Tuesday, February 20, 2007
Irons Buyer's Guide 2006
If you've been delaying your purchase of new irons, we have but five words: "What are you waiting for?"
We like the idea of the progressive set, traditionally taking the shape of cavity-back long irons and blade-like short irons. But today’s progressives are far more advanced, with not only shape variances, but face thickness, CG location, blade length, material and shaft differences to truly enhance your performance with all eight irons.
Take a look at one of your old Hogan or Wilson sets. Now peruse the photos of the new irons in this guide. What you should instantly recognize is the difference in hosel length, which now runs universally shorter, especially in game-improvement irons. The short hosel (brought into current popularity by the likes of Callaway and PING) effectively lowers the CG (with less hosel mass above the club’s center) as well as provides for the distribution of saved weight to key spots on the perimeter, which greatly aids in increasing MOI and lessens the ill effects of a mis-hit.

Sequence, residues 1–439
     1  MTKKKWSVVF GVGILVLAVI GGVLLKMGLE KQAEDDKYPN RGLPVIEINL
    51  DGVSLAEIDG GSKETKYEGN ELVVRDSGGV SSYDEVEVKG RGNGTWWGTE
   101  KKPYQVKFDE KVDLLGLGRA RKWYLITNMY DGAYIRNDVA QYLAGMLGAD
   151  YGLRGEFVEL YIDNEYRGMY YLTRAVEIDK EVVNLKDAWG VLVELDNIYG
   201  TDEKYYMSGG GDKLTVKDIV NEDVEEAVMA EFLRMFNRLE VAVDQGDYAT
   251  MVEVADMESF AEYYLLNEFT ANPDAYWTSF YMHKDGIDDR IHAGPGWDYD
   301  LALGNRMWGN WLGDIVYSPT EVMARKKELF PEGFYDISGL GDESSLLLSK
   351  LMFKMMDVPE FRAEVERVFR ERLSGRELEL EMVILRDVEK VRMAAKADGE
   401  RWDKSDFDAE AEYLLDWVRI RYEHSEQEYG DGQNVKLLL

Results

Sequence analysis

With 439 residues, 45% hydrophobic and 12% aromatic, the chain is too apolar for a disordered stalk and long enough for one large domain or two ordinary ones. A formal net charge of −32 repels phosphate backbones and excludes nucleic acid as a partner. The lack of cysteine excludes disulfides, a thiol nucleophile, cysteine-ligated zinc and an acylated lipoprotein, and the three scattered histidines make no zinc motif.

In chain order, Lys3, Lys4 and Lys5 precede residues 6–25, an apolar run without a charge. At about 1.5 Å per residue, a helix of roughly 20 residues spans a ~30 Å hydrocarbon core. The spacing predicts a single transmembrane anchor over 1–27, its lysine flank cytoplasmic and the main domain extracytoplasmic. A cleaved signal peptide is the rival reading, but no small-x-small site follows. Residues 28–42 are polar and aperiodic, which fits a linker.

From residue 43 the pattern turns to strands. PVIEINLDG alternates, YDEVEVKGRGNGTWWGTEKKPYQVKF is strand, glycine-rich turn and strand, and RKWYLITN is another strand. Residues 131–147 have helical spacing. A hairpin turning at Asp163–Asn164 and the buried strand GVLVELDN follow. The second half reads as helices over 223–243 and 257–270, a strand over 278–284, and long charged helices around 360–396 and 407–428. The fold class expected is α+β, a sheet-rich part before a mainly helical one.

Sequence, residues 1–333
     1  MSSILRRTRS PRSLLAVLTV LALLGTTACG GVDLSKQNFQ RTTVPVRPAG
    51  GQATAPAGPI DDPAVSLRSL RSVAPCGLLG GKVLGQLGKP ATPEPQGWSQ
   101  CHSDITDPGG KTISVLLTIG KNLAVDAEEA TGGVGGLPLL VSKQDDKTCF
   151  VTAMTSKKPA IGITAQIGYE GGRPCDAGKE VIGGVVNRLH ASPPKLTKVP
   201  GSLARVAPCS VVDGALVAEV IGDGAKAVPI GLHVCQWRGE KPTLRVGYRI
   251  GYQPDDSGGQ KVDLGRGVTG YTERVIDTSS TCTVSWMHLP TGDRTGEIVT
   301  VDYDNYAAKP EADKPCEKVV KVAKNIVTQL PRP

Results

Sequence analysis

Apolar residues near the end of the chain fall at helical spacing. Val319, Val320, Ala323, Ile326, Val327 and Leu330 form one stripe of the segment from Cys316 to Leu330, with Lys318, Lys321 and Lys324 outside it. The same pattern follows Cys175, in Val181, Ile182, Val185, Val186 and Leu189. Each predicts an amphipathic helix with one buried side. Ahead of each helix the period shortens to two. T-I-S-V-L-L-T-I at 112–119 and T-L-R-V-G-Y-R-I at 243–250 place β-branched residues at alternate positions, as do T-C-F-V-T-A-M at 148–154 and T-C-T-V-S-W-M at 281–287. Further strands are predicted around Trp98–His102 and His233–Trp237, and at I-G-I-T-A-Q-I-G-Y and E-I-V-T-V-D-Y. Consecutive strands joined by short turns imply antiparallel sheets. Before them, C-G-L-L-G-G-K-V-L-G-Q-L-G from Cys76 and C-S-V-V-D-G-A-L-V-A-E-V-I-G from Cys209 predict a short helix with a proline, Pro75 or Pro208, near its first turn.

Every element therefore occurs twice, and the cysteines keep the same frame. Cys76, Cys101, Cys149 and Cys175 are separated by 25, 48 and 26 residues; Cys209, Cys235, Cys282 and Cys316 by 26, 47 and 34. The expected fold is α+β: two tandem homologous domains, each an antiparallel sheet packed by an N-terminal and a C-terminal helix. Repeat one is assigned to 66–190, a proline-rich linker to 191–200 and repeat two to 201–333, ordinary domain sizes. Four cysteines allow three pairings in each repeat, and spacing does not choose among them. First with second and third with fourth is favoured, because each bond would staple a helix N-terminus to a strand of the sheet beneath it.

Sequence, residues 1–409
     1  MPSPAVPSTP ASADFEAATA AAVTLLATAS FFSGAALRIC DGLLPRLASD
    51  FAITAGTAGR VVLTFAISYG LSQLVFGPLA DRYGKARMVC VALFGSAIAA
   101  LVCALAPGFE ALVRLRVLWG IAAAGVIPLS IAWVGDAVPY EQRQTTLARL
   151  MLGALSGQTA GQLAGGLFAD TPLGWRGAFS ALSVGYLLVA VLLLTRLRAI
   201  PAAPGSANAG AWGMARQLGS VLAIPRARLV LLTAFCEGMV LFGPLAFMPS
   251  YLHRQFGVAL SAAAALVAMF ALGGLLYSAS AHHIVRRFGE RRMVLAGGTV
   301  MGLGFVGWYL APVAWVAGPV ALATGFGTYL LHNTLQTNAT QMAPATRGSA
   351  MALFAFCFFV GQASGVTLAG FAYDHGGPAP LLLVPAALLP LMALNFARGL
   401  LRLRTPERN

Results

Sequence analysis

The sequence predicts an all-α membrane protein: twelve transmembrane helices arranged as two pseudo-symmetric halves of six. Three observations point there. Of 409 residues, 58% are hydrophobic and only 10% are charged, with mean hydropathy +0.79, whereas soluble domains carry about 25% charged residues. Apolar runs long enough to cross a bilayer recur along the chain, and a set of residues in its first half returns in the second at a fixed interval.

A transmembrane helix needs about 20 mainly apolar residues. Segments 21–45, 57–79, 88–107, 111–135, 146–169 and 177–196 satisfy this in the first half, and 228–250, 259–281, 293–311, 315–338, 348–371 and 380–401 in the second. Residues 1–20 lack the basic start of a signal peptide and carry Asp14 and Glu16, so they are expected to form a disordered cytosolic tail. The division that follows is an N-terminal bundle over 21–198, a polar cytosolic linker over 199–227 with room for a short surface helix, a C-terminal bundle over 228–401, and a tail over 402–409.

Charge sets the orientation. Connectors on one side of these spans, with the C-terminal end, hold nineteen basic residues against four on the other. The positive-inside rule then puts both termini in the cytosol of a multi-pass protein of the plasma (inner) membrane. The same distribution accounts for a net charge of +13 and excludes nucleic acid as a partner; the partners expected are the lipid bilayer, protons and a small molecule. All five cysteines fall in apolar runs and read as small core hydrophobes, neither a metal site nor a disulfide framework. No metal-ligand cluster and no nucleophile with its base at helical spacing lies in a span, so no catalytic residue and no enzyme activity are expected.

Feel is very important in iron play, and the last thing you want is the memory of that rocky feeling that occurs on a poor shot as you face a difficult approach. Enter a slew of vibration-reducing and shock-absorbing technologies in the clubhead, hosel and shaft. These typically take the shape of urethane-based inserts, but in some cases, the design and shape of the iron itself—as well as the material from which the iron is constructed—can direct vibration away from your hands to other areas of the clubhead. Amazing!
Advanced Sole Designs
Advanced bounce angles, specially shaped leading and trailing edges as well as wider sole widths all work to ensure crisper contact in a variety of turf conditions. Furthermore, the wider sole shape, common now in even players’ clubs, tends to lower the CG, which we know to be of great benefit in terms of helping golfers achieve the desired high-launch parameters.
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